By Nanni Singh
Women make music and Women sing songs. They sing solo and they sing along. What is music? Notes collaborating and fusing to make a sound that emotes a feeling. Words enhance that collaboration. Every song or a musical piece will have a different meaning each time one hears it. Hows that for the power of music! Yet the music industry has for some reason always been majorly male dominated, globally. Take the music producers, composers, lyricists, mix-master engineers, arrangers, they’re all men. Music publishers, labels and even conductors of orchestras. Systemic challenges make it so that women have to work much harder —often for far less financial gains and recognition than men.
Surveys have revealed that women make up about one third of musicians and they have reported experiencing high rates of discrimination and sexual harassment: 72% of female musicians have reported gender inequality and 67% have been a victim of sexual harassment. Forbes reported that women make up 21.7 percent of artists, 12.3 percent of songwriters, and 2.1 percent of producers and that’s due to just the same reasons. This is not encouraging data for women to continue being in this industry, leave alone take on leadership responsibilities.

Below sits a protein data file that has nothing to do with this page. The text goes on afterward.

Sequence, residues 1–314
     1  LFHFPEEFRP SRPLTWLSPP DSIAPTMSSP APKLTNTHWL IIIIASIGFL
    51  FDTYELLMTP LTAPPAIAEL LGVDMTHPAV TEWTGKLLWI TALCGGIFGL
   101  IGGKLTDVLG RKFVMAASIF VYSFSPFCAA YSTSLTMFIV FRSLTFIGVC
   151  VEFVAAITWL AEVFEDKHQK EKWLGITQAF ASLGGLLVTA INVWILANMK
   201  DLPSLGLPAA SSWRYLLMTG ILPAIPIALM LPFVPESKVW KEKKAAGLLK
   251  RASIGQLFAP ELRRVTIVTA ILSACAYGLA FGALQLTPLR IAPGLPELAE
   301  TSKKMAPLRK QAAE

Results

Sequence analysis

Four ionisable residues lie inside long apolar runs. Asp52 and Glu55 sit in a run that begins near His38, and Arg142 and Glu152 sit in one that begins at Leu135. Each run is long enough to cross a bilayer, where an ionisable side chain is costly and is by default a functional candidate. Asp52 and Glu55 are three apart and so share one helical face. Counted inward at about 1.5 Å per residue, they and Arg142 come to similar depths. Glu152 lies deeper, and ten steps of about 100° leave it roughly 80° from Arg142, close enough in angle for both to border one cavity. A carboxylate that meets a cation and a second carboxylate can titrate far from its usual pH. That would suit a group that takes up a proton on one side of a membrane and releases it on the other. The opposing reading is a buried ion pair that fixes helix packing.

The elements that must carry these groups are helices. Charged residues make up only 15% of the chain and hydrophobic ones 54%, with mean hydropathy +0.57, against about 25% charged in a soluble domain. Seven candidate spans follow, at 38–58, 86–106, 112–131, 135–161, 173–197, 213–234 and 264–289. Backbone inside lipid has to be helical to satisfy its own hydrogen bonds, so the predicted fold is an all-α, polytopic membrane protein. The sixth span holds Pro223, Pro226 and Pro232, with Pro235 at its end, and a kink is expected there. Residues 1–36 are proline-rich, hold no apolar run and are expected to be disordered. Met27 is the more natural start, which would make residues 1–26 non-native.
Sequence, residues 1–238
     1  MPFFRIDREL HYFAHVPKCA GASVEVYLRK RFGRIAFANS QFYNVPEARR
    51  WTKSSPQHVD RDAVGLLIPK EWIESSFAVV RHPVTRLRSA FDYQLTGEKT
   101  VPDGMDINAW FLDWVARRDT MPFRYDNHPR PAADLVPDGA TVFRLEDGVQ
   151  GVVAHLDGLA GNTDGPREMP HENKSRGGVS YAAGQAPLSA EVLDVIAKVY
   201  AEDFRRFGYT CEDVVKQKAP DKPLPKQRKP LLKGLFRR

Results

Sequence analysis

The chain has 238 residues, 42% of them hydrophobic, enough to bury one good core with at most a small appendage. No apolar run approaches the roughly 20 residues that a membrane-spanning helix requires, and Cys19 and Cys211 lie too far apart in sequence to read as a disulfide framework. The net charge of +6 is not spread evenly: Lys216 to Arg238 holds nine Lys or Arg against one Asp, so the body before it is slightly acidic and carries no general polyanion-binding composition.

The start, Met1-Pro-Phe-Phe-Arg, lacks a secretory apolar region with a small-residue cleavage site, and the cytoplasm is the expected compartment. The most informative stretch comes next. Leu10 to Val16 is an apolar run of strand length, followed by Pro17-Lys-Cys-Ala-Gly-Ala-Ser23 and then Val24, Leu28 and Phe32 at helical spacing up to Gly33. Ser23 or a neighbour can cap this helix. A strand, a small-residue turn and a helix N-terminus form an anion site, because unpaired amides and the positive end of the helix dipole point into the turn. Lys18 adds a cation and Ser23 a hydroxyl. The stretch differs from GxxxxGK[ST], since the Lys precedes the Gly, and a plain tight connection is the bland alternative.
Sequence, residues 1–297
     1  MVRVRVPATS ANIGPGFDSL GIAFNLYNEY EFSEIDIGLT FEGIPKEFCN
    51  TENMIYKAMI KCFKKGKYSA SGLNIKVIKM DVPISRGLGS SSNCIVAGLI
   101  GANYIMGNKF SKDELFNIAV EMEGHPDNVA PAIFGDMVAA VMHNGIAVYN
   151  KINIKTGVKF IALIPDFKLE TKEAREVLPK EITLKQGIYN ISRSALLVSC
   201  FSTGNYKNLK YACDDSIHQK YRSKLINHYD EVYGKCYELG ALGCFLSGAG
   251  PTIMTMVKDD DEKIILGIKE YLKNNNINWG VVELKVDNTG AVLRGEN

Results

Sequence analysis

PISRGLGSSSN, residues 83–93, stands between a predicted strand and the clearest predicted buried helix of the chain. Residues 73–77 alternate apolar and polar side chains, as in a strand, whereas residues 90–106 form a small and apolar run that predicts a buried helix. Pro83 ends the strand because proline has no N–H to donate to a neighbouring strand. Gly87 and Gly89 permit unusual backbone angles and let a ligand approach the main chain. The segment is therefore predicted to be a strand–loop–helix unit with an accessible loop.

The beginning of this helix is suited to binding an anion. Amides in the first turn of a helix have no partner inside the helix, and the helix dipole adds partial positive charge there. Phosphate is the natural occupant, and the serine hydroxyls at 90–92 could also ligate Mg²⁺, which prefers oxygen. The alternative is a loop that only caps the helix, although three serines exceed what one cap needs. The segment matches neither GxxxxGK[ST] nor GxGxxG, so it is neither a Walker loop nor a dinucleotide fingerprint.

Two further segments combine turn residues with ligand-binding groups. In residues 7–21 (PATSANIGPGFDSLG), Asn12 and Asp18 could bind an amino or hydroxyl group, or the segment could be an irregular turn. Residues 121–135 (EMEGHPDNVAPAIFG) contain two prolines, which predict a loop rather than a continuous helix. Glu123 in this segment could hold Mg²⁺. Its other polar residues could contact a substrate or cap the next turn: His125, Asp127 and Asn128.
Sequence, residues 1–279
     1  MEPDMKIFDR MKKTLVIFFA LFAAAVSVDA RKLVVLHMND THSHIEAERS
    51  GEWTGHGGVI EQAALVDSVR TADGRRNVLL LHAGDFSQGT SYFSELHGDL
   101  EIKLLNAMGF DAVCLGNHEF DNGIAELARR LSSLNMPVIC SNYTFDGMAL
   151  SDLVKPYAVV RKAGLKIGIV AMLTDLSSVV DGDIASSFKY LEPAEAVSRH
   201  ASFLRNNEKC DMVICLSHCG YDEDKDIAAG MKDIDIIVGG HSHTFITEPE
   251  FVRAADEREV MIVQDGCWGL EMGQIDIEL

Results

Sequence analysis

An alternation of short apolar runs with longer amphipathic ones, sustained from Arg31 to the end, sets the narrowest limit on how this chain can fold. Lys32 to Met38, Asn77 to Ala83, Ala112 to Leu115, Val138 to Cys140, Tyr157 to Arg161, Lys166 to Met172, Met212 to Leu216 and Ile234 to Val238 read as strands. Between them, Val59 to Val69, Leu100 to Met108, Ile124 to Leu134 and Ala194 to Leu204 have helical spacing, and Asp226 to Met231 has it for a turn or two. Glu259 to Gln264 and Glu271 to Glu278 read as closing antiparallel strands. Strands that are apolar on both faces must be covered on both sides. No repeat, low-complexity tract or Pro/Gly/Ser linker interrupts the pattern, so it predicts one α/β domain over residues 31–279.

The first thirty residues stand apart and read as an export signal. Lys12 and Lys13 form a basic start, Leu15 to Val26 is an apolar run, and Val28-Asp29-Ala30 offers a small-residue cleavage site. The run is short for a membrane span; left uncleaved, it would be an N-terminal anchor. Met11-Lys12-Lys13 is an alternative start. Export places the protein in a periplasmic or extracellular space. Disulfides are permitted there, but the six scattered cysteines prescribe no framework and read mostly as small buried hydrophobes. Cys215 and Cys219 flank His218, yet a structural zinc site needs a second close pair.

Gender pay-gap, across all different aspects of the music industry, is significant. While there is an improvement from the previous years, results have cemented an urgency for action for action by the industry leaders to address this. While there are a handful of amazing women who have broken the glass ceiling, the reality is that we need more. Now is the time to call for action. Yes, when it comes to hiring, but also advocating for representation at all levels. This can be done by actively putting women in the room with the right people, listening to and implementing their ideas, working to treat women as their equal in every instance, and most importantly, ensuring equal pay and titles to their male counterparts. Men in particular, need to take notice of what we have been saying, and understand the ways in which the women around them have contributed to their success and finally recognise that. At the end of the day, this industry will be a much better place for all of us when we can truly be inclusive and equitable at all levels. These are just my thoughts as a woman working closely in and with the music industry. Theres a lot of sitting potential, needs to be given the right acknowledgement.